Coronavirus News Update – March 1: J&J Vaccine to Start Arriving and Should Olympians Jump the Line?

By Anna Breuer on 1 March 2021
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Budapest’s Parliament building across the Danube River

The world will cross the 115 million mark in coronavirus cases on Monday, the first day of March and the first day of meteorological spring.   Over 2.5 million people have died from the virus, according to the Worldometer, which tracks such information.

Meanwhile, since the start of vaccinations at the end of last year, the world has administered 244.2 million doses, the equivalent of 3.2 doses for every 100 people, as the speed of vaccination rollouts continues to vary greatly by country. Over 49.8 million people, or 16% of the population in the United States have. received at least one dose and 8.5%, or 24.8 million, have received both doses.

The newly approved Johnson and Johnson coronavirus vaccine will begin to be distributed at inoculation sites starting Tuesday.  The first doses left a McKesson facility in Olive Branch, Mississippi via FedEx. McKesson is managing the logistics of the roll-out.

Queen Elizabeth spoke out about her own experience in getting the coronavirus vaccine in an online meeting with health officials.  Her Majesty said she had received “lots of letters from people who have been very surprised by how easy it was to get the vaccine. And the jab – it didn’t hurt at all.”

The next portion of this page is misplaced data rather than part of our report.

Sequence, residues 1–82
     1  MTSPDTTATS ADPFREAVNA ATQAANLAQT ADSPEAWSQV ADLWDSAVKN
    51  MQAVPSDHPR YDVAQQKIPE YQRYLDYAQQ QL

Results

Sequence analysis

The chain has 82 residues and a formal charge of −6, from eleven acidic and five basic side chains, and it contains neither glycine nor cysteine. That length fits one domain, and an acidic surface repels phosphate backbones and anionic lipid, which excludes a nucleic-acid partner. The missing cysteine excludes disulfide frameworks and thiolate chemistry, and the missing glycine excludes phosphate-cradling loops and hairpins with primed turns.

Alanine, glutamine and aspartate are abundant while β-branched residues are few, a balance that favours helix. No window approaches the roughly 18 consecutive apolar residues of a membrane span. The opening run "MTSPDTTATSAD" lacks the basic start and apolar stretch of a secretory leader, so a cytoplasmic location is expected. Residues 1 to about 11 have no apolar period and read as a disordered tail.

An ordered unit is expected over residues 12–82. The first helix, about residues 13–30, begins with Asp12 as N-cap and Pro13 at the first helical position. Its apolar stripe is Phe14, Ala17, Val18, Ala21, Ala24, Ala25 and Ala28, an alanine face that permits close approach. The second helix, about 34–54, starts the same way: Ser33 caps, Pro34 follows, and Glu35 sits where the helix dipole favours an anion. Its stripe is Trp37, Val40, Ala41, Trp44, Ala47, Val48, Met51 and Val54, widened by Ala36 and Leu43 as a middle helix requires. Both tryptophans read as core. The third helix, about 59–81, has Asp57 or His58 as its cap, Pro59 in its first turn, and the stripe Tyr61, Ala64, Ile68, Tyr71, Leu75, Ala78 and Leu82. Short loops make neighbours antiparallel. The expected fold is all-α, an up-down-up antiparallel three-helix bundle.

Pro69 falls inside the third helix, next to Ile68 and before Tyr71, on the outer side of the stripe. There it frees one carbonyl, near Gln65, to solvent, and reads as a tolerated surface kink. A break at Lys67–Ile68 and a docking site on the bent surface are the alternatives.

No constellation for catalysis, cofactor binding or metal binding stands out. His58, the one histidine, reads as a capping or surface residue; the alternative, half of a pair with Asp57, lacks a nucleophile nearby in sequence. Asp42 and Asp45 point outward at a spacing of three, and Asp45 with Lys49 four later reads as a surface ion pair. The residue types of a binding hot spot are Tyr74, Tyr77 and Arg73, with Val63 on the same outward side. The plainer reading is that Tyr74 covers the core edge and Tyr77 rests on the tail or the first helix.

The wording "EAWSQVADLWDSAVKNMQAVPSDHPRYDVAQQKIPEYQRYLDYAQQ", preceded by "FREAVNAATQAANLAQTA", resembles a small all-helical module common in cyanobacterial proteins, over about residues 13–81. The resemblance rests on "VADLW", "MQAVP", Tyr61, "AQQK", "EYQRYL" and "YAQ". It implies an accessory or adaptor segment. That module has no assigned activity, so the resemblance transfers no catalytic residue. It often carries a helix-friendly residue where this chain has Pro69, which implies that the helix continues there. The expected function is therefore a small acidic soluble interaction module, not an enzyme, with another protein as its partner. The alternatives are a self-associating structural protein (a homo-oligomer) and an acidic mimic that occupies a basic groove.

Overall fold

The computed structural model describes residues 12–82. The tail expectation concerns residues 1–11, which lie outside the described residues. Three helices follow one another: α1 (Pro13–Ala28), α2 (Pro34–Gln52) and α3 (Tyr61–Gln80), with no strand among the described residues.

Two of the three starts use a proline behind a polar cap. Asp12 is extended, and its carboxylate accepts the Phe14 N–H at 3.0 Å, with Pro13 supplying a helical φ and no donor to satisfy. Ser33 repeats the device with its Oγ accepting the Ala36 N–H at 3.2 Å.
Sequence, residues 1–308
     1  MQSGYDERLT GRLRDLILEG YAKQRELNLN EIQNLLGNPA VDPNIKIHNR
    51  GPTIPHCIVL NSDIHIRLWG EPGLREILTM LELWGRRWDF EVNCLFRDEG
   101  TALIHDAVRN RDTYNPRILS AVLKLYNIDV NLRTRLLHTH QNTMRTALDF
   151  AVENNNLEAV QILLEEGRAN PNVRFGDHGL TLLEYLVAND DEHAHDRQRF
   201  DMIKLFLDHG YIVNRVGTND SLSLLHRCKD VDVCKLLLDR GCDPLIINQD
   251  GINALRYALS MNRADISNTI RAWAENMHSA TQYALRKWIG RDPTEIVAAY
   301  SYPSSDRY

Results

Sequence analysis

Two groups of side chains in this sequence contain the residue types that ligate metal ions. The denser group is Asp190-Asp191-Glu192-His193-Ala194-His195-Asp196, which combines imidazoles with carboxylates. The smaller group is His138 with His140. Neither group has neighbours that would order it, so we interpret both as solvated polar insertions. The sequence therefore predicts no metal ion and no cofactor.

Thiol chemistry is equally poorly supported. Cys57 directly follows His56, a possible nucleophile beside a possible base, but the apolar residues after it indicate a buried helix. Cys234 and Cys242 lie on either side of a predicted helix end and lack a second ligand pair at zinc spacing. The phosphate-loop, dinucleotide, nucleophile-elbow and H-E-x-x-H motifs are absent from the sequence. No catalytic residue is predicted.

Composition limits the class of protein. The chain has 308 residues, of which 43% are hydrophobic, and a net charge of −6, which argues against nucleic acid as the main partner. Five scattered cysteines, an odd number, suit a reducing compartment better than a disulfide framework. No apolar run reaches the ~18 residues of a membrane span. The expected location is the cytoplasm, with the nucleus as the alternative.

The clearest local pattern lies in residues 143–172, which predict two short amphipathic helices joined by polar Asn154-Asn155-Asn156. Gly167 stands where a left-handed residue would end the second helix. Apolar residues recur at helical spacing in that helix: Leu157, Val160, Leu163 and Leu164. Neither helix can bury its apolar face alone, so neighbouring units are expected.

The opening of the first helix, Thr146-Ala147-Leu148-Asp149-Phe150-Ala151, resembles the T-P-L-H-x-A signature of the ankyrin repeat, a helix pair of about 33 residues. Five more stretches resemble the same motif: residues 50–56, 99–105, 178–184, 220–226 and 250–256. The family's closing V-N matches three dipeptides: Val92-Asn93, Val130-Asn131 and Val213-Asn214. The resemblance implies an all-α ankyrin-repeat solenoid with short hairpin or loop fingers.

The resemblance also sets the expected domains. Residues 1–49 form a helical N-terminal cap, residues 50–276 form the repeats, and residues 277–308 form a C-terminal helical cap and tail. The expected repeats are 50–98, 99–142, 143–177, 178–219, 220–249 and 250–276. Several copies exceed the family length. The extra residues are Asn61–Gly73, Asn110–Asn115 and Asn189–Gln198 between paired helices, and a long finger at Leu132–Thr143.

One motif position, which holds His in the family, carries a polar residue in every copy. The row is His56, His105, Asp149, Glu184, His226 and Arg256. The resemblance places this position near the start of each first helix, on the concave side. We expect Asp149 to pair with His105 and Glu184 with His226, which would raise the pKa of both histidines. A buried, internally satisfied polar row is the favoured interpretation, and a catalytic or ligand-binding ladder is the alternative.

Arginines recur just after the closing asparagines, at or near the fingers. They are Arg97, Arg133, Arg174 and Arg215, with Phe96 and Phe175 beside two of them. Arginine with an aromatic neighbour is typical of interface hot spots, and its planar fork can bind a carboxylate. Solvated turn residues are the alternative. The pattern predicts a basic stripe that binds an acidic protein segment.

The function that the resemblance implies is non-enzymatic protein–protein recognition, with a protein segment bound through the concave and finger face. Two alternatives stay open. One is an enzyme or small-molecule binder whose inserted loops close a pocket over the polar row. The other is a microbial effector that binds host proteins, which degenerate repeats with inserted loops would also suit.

As the clock ticks down to the start of the Olympic Summer Games in Tokyo, health authorities in many countries are wrestling with the question of whether to allow their Olympic athletes to jump to the front of the vaccination line both to protect them and to avoid creating a superspreader event in Tokyo.  Multiple countries including Hungary, India, and Israel, have already announced their plans to do so.

Captain Sir Tom Moore, the veteran of the Second World War who raised millions for a charity that supports the National Health Service’s efforts in fighting the pandemic by walking laps in his garden before his 100th birthday last summer and died from the coronavirus on February 2, was buried last week in a small private ceremony.  Moore was knighted by Queen Elizabeth II in July after raising £33 million ($40 million at the time).

(Photo: Accura Media Group)

Accura News

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